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Thursday, May 23, 2024

UNCW professor starts petition to preserve campus forest

UNCW professor Roger Shew has created a petition to save 100 acres of the campus’ forest from development. (Port City Daily/Brenna Flanagan)

WILMINGTON — As large tracts of unused land are becoming few and far between in New Hanover County, one UNCW professor is pushing for 100 acres of forest to remain untouched.  

READ MORE: UNCW launches new strategic plan prioritizing research and community benefits

The university sits on around 650 acres along South College Road. Along with its 10-acre Bluethenthal Preserve, there are around 175 acres of forest spanning the north to southeast side of campus. 

Roger Shew, a geology and environmental science professor at UNCW, started a petition earlier this year to dedicate 100 acres of the forested area for preservation. Doing so would prohibit the land from development and to protect the natural resources, wildlife, recreational value, and history and culture of the tract. 

Shew said maintaining the university’s natural areas are among students’ two most cited priorities in an annual sustainability survey, along with the implementation of renewable energy on campus. With little effort, Shew said, the petition already has 800 signatures. 

“There would be no problem in having many more if we want/need to gather them,” Shew wrote in an email to Port City Daily. “And the community is interested as well, as I’ve had folks contact me. The petition and signatures are just symbolic of the interest we have in our natural areas.”

There are no plans to develop the area today, and “no rumors,” according to Shew. Still, the professor said he wanted to bring more attention to the benefits of preserving the forest now as the university prepares its next 10-year campus master plan. 

According to its website, the university’s 2024 master plan principles include cultivating a sense of belonging for all by expanding access to student support and promoting diversity, equity and inclusion. The plan also incorporates interdisciplinary collaboration, optimizing existing space and improving the visitor experience in arts and athletics spaces. 

The plan prioritizes intentional spaces to promote interaction and “connection with nature.”

According to UNCW Chancellor Aswani Volety, UNCW has no plans to develop the land in the foreseeable future. 

“UNCW deeply values the forested lands referenced in the petition for their ecological and educational contributions to both our institution and the broader community,” Volety wrote in a statement to PCD. “This natural space, known for the quality of its longleaf pines, enriches our environment, serves as an outdoor classroom, and fosters a meaningful connection to nature.”

Though, the university leader did acknowledge the choices of future generations may differ.

“It is possible, at some point in time, that the students and leaders who follow us will decide to pursue development to support their own priorities,” Volety wrote. “After all, the UNCW campus that we appreciate and enjoy today began with just three buildings.”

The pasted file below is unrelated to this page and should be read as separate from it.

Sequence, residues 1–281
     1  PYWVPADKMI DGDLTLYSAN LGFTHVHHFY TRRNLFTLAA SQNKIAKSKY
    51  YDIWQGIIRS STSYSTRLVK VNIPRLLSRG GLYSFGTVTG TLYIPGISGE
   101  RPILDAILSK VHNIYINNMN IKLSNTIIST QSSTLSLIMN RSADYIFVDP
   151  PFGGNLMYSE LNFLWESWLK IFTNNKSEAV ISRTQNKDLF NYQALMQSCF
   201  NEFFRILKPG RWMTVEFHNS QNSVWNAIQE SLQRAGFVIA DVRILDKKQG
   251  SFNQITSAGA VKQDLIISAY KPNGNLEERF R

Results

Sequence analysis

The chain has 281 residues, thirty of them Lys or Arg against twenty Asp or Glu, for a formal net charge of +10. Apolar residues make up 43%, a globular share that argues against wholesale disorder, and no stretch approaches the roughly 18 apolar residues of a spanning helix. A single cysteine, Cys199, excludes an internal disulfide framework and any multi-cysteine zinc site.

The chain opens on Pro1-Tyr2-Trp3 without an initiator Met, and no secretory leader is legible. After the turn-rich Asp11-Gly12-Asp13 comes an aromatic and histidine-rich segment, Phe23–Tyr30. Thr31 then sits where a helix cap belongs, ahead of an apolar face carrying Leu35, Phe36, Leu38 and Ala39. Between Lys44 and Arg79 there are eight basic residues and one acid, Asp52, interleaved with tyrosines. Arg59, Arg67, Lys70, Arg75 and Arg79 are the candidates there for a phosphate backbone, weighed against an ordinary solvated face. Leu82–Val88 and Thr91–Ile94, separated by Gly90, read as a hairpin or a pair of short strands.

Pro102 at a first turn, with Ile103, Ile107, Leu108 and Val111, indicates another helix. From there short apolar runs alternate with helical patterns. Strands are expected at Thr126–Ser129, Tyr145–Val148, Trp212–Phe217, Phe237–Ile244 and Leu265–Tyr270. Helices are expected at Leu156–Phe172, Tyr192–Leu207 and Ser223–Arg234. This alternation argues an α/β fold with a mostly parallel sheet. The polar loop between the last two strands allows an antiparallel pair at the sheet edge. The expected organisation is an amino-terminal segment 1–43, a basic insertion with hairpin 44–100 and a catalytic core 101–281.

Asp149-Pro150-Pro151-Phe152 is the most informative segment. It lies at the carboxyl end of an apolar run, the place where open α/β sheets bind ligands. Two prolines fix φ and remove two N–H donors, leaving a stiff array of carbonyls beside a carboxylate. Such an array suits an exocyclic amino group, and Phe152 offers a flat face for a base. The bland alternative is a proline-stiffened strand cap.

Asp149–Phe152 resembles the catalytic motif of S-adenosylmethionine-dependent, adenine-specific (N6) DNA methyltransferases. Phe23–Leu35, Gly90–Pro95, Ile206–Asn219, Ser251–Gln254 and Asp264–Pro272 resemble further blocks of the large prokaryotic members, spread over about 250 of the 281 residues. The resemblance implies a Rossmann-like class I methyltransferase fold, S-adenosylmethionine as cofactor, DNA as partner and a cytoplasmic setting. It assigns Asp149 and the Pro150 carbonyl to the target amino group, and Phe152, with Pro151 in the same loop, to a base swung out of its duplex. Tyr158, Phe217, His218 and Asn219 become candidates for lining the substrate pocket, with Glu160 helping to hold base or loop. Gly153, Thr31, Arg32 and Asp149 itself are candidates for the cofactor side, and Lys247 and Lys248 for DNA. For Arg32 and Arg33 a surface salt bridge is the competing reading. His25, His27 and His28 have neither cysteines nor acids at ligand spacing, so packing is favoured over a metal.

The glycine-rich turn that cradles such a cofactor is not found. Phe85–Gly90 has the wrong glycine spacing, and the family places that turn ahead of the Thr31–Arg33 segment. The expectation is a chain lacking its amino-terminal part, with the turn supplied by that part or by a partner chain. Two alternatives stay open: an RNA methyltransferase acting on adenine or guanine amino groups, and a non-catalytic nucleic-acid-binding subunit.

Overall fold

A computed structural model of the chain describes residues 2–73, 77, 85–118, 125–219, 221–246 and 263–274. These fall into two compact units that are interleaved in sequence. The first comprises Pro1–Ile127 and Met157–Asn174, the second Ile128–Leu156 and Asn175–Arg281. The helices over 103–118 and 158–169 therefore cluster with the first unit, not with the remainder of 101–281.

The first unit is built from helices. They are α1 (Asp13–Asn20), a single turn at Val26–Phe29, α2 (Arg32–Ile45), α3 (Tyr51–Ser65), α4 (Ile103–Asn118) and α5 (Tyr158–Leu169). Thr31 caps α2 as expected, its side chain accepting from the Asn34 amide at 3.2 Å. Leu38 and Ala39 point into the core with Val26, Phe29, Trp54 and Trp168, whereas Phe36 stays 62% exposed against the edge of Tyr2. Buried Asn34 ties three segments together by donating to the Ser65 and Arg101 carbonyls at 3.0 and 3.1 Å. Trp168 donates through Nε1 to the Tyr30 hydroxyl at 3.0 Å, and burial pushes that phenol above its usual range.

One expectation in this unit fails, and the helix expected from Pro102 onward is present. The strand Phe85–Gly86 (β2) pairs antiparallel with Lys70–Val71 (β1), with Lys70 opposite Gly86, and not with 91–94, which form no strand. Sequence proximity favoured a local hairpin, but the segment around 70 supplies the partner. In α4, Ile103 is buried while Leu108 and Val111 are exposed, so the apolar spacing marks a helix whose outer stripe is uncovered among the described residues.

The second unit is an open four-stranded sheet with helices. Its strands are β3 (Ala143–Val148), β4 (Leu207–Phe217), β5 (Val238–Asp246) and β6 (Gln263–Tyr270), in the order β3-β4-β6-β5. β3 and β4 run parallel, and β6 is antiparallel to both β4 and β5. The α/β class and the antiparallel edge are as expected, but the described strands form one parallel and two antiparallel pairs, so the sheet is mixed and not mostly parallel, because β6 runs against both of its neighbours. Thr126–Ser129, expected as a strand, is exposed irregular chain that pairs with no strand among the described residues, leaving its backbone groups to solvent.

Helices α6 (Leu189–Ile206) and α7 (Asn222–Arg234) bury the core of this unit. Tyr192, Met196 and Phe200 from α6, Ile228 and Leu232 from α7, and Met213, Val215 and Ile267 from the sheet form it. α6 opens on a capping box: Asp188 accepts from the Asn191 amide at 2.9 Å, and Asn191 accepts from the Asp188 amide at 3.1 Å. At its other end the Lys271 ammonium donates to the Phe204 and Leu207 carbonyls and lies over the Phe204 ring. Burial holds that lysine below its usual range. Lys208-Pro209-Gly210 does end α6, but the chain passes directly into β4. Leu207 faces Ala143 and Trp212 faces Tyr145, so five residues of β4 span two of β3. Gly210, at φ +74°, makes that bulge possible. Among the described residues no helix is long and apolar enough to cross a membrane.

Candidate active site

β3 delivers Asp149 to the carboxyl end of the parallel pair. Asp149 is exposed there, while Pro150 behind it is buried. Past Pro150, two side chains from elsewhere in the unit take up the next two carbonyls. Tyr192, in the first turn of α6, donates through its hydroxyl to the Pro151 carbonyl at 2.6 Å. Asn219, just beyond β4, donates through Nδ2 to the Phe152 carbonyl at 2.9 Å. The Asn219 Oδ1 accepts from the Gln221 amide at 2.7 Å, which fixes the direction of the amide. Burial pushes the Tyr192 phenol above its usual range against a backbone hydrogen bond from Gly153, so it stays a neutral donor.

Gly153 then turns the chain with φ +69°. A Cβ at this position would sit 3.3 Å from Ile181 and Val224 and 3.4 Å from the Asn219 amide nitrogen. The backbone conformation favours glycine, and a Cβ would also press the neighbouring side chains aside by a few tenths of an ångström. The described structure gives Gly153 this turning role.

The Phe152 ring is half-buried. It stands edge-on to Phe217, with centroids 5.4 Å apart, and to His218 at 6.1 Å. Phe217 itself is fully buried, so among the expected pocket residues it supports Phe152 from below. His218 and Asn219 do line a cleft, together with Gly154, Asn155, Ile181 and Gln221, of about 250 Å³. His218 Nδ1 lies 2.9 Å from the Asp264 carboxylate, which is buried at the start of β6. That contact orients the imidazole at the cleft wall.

Today, it houses over 70, with more than a dozen built over the last decade, including four new residence halls, the Coastal Engineering Building, Veterans Hall, the University Film Center, a new dining hall, and several parking decks. It added 4,000 more students to get to almost 18,000 students today; projections put the university over 20,000 in the next three to five years. 

Shew shared he met with university leadership on Monday to discuss the importance of preserving the land. 

The forest is listed as a significant natural heritage area by the Natural Heritage Program of North Carolina. The state program identifies natural areas based on biological surveys with the goal of documenting the full range of organisms and ecological processes that comprise North Carolina’s natural heritage.

“Longleaf pine is, of course, the ‘tree that made the South,’” Shew said. 

But the ecosystem is in danger across the globe due to overexploitation of lumber, land conversion to agriculture usage, and habitat loss from development. Even though occasional controlled burns help longleaf forests continue to thrive, wildfires are also an increasing threat to the land. Shew reported 90 million acres originally extended from Virginia to Texas, but by 2000 only around 3 million acres remained. 

UNCW is one of only four areas in New Hanover County with a larger longleaf pine ecosystem; the others are Carolina Beach State Park, Halyburton Park, and northern New Hanover County along U.S. Highway 421. While the former two are preserved, the land along the highway is quickly being developed for industrial uses aimed at promoting economic development in the area.

According to Shew, the 100 acres on UNCW’s campus are some of the better-quality longleaf pine forest and an example of a xeric sandhill longleaf pine community, meaning the area is mostly sandy with well-drained soils. It is dominated by a canopy of longleaf pines and a subcanopy of turkey oaks and some sand live oaks, with several wetlands onsite too. Fauna includes fox squirrels, hawks, snakes, and more.

The petition notes a past academic use survey of UNCW’s forest areas during a year;  users included 12 academic departments, 49 classes, 144 class sections, and over 8,000 uses by UNCW clubs and organizations.

Shew plans to continue discussions with UNCW administration and work with those on the campus master plan team, representing the interests of students, faculty, staff and the community.


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